By Pati Navalta
The Central Coast had never been a destination of mine until I heard about the Bruce Munro: Field of Light at Sensorio in Paso Robles. Since it opened in May 2019, the massive outdoor light exhibit has attracted well over 100,000 visitors to the 15-acre site where 58,800 stemmed spheres have been “planted” and lit by fiber optics. At night, the fantastical spectacle is a cross between the technicolored, poppy-filled meadow in the Wizard of Oz and the neon-lit flora of Avatar. The exhibit was closed due to the pandemic, but when it reopened in June I told myself I would go—and I’m glad I did.
I expected the exhibit to live up to all the hype, but what I didn’t expect was the Central Coast to be the true star of the whole trip. From its pristine coastline, rolling vineyards and dramatic mountain ranges, to its boutique shops, eateries and unique attractions, the region is a perfect blend of NorCal’s sophisticated wine country and SoCal’s soul-soothing beaches. Depending on where you are in the Bay Area, it’s a good 3- to 4-hour drive, but it’s well worth the drive. Here are a few highlights from my own trip:
Bruce Munro: Field of Light at Sensorio in Paso Robles: Since this was my main reason for going, let’s start here. When you drive along the dirt path and onto the dirt parking lot to the exhibit, there is no sign of what you are about to witness. Even when you enter the site, you are greeted by various food stalls and an eating area with string lights strewn above, but no sign of the installation. It’s not until dusk, when you follow a one-way trail down into the folds of the hills that you witness the full grandeur of this unique experience. The multi-colored lights cover the open space for as far as the eyes can see. You are able to walk through the fields and into the exhibit along a single path, where, in this case, pictures really can do it justice. This is an Instagrammer’s dream. The installation is an art escape like no other by Munro, a British/Australian artist, who is known for producing large immersive site-specific installations around the world, including Scotland, Denmark and South Korea. If you go, be sure to wear a mask—safety precautions have been prioritized since the exhibit reopened in June. The exhibit ends on Jan. 3, and you must buy tickets in advance.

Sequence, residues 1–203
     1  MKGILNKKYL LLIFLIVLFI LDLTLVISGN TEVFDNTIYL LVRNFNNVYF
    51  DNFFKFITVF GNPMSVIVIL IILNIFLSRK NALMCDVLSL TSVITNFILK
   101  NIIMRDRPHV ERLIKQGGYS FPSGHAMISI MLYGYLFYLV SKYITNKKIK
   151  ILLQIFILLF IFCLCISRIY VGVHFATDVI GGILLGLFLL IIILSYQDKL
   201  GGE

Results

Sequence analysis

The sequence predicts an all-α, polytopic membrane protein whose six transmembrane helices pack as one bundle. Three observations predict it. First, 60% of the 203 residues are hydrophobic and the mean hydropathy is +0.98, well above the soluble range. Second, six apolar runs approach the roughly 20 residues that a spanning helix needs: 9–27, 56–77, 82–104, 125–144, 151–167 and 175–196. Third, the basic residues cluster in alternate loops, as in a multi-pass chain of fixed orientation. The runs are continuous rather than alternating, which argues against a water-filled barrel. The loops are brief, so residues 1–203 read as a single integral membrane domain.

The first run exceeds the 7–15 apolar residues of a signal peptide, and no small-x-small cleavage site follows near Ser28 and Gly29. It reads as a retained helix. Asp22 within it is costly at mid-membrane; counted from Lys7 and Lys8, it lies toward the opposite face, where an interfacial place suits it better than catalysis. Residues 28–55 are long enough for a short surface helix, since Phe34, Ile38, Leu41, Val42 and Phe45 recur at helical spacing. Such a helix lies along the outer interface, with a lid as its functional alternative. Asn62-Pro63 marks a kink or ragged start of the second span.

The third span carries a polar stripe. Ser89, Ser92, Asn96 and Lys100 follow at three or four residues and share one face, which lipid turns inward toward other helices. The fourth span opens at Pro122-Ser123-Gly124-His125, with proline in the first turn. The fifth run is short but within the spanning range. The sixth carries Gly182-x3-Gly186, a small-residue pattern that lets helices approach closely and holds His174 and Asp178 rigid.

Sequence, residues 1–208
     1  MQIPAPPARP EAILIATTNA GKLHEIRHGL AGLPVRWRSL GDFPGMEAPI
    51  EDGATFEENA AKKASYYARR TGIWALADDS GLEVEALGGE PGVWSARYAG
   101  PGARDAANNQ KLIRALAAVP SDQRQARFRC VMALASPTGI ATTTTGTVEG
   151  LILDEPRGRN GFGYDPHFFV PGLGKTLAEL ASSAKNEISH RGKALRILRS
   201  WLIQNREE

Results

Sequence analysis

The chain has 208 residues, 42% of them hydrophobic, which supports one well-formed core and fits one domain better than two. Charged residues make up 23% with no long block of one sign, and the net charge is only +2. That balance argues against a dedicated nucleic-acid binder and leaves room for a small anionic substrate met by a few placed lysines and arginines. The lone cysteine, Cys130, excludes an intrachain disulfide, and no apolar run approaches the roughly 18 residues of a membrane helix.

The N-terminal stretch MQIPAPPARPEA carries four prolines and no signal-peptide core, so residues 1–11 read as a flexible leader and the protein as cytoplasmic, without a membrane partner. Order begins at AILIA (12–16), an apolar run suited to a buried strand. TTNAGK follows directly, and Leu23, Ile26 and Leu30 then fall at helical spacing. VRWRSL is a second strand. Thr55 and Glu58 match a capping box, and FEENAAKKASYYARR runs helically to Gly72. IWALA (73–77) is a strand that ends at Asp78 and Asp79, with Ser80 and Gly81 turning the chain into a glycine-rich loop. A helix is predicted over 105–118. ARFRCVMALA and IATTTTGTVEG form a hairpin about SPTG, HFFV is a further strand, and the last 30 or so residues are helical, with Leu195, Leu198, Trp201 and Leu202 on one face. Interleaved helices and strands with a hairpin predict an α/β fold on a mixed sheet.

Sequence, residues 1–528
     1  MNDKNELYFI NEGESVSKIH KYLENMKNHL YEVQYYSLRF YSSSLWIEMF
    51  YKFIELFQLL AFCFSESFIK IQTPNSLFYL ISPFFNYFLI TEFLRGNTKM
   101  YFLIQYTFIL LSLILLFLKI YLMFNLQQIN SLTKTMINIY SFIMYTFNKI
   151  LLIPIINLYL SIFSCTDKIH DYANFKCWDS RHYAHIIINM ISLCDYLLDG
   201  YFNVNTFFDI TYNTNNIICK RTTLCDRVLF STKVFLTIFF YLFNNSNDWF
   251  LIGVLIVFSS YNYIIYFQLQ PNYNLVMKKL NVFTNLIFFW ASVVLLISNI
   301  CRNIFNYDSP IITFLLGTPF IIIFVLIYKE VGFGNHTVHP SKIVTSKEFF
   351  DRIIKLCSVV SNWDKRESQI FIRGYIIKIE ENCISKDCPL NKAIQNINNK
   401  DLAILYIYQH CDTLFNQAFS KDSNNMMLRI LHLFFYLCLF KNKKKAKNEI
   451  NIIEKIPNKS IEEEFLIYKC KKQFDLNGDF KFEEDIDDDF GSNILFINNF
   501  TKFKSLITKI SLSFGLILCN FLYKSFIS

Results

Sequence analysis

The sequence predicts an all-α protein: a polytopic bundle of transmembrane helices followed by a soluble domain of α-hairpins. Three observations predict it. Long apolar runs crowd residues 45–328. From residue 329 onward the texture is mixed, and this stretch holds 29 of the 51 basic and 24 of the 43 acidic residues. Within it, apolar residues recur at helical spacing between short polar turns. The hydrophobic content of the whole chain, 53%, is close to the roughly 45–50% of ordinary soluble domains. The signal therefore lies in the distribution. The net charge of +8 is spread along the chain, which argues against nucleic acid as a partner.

4380 Highway 46 East, Paso Robles, 805.226.4287, sensoriopaso.com
Hotel San Luis Obispo: Visitors of the Senorio exhibit can get a discounted rate at several hotels, including the Hotel San Luis Obispo, also referred to as Hotel SLO. The hotel is about a 30-minute drive from the exhibit, but it gives you an opportunity to explore this quaint and quirky college town. Located just a block away from historic Mission San Luis Obispo and a short walk from numerous restaurants, bars and premier shopping, this is the perfect spot for Central Coast newcomers and veterans alike. There are 78 rooms, including six suites, two studio terraces and 10 terrace rooms showcasing views of the surrounding mountains and gardens. The Rooftop Terrace and High Bar serves appetizers, cocktails and craft beers. If you’re looking for a full meal, the hotel offers two on-site restaurants, including Piadina, a fresh California take on Italian cuisine, and Ox + Anchor, a fine-dining experience that offers several signature steaks and a host of Central Coast wines. This can be a great home-base as you drive along the coast and discover surrounding beaches, including the charming Avila Beach (be sure to explore the many shops and restaurants there) and Pismo Beach. If you’re feeling kitschy, book a meal at nearby Madonna Inn, which features over-the-top themed rooms and classic dishes, such as prime rib, lobster, and its classic, pink champagne cake. And don’t forget the hot springs – the region is known for them. River Oaks Hot Springs Spa gives you all the benefits of a natural hot spring, with the privacy of a spa.